NTS                                                                                        3758e/C
      Kunzman Associates, Inc.
      Over 30 Years of Excellent Service
                                         Exhibit D
              East Valley Traffic Model (EVTM) Year 2030 Traffic Model Plot




                                                                          Site




                                                              ad
                                                            Ro
                                                       sa
                                                       an
                                                  M
                                                  ua
                                                Ag




                  El Rivino Road                                              River
                                                                               side A
                                                                                  venu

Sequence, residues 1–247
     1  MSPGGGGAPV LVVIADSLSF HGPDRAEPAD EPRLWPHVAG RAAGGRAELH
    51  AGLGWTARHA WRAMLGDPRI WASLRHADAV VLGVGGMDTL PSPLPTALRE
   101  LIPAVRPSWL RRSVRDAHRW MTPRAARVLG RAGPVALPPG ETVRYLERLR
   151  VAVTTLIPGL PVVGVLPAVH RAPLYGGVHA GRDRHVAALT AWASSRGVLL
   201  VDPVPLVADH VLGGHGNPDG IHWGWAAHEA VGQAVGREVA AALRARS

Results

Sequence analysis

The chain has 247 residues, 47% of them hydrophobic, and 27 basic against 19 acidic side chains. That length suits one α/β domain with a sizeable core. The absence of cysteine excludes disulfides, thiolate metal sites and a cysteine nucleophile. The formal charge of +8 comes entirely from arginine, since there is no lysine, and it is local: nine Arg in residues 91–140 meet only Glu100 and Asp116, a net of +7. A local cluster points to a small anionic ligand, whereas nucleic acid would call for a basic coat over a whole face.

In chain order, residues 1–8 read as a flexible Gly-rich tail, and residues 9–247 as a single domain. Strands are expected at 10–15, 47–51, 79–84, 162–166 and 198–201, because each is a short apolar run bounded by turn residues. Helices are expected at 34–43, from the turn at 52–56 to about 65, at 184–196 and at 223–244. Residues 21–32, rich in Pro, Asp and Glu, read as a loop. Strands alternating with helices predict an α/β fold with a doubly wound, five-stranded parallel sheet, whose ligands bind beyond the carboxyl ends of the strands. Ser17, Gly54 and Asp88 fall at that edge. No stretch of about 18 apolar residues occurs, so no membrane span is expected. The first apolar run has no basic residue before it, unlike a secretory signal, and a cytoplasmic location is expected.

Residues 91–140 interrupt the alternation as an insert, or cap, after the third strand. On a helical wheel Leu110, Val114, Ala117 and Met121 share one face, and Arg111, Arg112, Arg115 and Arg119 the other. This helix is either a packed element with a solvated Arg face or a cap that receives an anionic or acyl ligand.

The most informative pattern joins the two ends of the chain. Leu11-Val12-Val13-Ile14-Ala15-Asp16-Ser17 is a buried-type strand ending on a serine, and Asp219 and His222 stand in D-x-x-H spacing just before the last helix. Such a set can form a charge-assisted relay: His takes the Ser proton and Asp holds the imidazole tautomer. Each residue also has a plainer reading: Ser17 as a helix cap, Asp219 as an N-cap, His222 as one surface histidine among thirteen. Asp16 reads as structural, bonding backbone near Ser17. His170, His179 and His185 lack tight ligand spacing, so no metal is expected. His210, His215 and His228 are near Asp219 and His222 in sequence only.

e




                                                                   Legend
                                                                   7270 = Westbound Traffic Volume
                                                                   7996 = Eastbound Traffic Volume




NTS                                                                                         3758e/D
      Kunzman Associates, Inc.
      Over 30 Years of Excellent Service
                                             Exhibit E




                                        Minute Action
                                        AGENDA ITEM: 3

Date:                May 20, 2009

Subject:             Contract No. 09-179 with Advantec Consulting Engineers for Design and
                     Implementation for the San Bernardino Valley Coordinated Traffic Signal System
                     Program – Tier 3 & 4

Recommendation: *    Award Contract No. 09-179 with Advantec Consulting Engineers for Design and
                     Implementation for the San Bernardino Valley Coordinated Traffic Signal System
                     Program – Tier 3 & 4. Total cost for Contract No. 09-179 is $2,587,878 as
                     detailed in the Financial Impact Section. TN 701000.

Background:          In November 2008 the SANBAG Board authorized the circulation of a Request
                     for Proposals (RFP) for qualified firms to perform design and implementation for
                     the San Bernardino Valley Coordinated Traffic Signal System – Tier 3 & 4. Four
                     firms responded to the RFP: Advantec Consulting Engineers; DKS Associates;